I love this response and how it asks more questions. What great information for me as a teacher!
The next step will be adding features for rubrics and feedback. What kinds of feedback would you like to see? How would you like to respond to these responses?
Learning isn’t neat and tidy. Although I like to believe that students attain all of the expected concepts from a lesson, I know that the reality is quite different. Some students learn easily and quickly connect one day’s instruction to the next. Others remember bits and pieces of lessons but have trouble putting concepts together.
While learning isn’t neat and tidy, I have to create a report card that looks neat and tidy. This can be hard as I am often reporting on units and concepts that are still in progress for many students. From a practical standpoint, when I finish a unit, I give an assessment to see what students know.
But I can’t just stop there. What can I do to promote and enhance learning even after the unit is over? And how can I do this in a sustainable way, a way that is possible to manage even after the class is two, three, or four units on?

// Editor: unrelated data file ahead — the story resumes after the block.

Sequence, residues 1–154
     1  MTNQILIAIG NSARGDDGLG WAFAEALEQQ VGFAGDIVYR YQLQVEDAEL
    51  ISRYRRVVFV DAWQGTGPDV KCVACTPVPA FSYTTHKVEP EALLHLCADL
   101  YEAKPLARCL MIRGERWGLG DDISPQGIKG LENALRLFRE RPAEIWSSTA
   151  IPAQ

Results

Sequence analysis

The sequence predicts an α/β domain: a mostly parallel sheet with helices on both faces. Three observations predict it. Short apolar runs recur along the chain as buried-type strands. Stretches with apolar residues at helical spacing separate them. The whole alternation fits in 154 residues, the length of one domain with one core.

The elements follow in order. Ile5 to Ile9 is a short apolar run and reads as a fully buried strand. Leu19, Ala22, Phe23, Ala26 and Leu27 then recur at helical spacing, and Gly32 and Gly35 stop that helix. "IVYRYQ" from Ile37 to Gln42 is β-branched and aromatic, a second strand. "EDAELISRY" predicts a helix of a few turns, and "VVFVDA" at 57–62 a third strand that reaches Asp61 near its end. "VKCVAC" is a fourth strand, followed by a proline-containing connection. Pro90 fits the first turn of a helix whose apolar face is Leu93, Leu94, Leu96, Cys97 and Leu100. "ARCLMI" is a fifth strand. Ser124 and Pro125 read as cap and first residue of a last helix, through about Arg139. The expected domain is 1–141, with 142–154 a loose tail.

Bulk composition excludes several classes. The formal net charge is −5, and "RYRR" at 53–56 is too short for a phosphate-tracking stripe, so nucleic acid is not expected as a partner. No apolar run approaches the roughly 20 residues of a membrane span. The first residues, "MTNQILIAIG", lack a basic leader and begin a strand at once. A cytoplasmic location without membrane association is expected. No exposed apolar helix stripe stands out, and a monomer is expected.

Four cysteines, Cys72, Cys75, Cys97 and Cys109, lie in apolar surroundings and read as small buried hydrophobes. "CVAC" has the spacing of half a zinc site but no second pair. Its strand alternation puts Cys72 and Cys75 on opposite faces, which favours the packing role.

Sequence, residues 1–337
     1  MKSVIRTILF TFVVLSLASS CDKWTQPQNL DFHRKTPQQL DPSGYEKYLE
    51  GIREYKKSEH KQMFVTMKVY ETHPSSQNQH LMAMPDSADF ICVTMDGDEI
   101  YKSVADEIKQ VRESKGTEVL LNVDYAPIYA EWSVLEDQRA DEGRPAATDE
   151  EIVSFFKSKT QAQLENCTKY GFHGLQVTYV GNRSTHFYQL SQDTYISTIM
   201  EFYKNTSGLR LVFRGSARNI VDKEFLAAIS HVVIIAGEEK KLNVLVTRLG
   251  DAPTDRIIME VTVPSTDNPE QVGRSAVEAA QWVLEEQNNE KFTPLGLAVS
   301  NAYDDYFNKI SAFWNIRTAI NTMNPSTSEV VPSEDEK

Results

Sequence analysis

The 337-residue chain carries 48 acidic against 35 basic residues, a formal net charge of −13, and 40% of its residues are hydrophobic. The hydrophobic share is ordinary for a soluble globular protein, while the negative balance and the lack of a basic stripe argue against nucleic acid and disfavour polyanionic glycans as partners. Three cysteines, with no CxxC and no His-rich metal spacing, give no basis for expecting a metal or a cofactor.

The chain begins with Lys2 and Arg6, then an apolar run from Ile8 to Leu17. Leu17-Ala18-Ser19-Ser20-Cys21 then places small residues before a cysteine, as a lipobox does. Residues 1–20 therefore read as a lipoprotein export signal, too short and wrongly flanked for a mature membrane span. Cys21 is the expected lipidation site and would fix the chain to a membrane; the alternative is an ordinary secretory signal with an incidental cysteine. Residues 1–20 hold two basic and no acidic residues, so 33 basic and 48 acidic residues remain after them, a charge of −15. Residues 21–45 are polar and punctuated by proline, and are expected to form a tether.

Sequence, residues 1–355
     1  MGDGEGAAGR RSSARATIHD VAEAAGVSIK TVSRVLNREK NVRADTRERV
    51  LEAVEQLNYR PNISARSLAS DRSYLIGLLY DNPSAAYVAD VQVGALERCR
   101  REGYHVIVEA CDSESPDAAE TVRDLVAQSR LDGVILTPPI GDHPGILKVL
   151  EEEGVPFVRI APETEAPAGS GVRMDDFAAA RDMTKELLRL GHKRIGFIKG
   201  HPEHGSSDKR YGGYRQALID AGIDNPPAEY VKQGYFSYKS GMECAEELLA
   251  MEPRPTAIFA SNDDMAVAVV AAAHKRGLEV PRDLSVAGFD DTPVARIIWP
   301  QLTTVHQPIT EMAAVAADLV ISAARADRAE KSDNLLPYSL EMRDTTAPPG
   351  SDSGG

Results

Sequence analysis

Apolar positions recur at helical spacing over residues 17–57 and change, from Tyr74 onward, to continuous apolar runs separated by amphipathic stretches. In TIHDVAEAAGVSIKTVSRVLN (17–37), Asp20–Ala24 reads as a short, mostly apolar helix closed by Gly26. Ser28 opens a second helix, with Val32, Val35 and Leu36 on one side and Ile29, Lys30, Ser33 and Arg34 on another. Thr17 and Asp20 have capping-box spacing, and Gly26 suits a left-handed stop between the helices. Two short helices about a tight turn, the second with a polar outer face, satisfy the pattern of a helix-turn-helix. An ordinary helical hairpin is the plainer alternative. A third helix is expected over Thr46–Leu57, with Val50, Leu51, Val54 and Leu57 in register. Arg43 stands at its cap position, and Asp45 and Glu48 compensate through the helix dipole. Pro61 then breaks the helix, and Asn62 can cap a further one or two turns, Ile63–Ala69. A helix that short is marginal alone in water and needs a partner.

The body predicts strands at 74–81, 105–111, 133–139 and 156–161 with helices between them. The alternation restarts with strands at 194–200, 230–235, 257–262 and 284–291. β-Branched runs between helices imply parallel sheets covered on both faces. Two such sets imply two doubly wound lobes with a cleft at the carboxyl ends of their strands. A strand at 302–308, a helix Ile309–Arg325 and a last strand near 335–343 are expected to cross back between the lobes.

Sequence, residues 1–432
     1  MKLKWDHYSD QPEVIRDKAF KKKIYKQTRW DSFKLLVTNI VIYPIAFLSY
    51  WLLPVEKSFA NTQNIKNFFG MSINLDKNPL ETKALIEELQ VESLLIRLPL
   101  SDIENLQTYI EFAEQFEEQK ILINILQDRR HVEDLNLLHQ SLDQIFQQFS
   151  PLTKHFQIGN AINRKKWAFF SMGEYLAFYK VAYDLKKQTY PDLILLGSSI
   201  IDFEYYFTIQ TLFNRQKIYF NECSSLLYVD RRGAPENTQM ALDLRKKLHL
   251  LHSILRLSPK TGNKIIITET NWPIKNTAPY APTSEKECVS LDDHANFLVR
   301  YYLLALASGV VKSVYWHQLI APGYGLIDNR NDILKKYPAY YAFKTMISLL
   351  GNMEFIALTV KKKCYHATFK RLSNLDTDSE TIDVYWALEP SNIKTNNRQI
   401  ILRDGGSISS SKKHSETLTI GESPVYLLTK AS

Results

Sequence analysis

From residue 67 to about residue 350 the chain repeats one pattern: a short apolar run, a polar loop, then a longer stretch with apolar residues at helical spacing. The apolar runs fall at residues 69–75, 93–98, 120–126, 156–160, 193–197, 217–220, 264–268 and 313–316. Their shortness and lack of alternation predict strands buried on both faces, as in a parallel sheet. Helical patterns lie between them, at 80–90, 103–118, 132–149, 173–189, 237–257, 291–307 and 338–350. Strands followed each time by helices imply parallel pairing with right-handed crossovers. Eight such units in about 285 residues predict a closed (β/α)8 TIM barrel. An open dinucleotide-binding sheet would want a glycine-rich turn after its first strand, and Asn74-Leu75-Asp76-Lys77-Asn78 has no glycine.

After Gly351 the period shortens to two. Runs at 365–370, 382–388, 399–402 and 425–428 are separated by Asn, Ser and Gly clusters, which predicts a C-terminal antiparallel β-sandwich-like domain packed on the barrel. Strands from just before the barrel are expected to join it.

As we finished our unit about bodies of water in science class, I realized that Activity Spot is a great tool for this. Not only can students revisit important information, but they can manipulate ideas. I can see their responses and see if they have progressed. Even better, I don’t even need to visit the poor photocopier as this can all be paperless.
One student was working on a water pollution activity. Here is an image of one of the activities that a student completed. It’s hard to see, but he actually used the device to take a photo of the tadpoles in our classroom, and then drew over it to show water pollution. Looking at his response helped me to see that he knows about source point pollution, like oil, but still needs some work on nonpoint source pollution.
This summer, I plan to create some more activities to become second chance learning opportunities for my students. These activities will help me to see what kind of learning happens even after a unit is over. After all, my goal is for students to learn. Technological tools can help me to make sure this happens!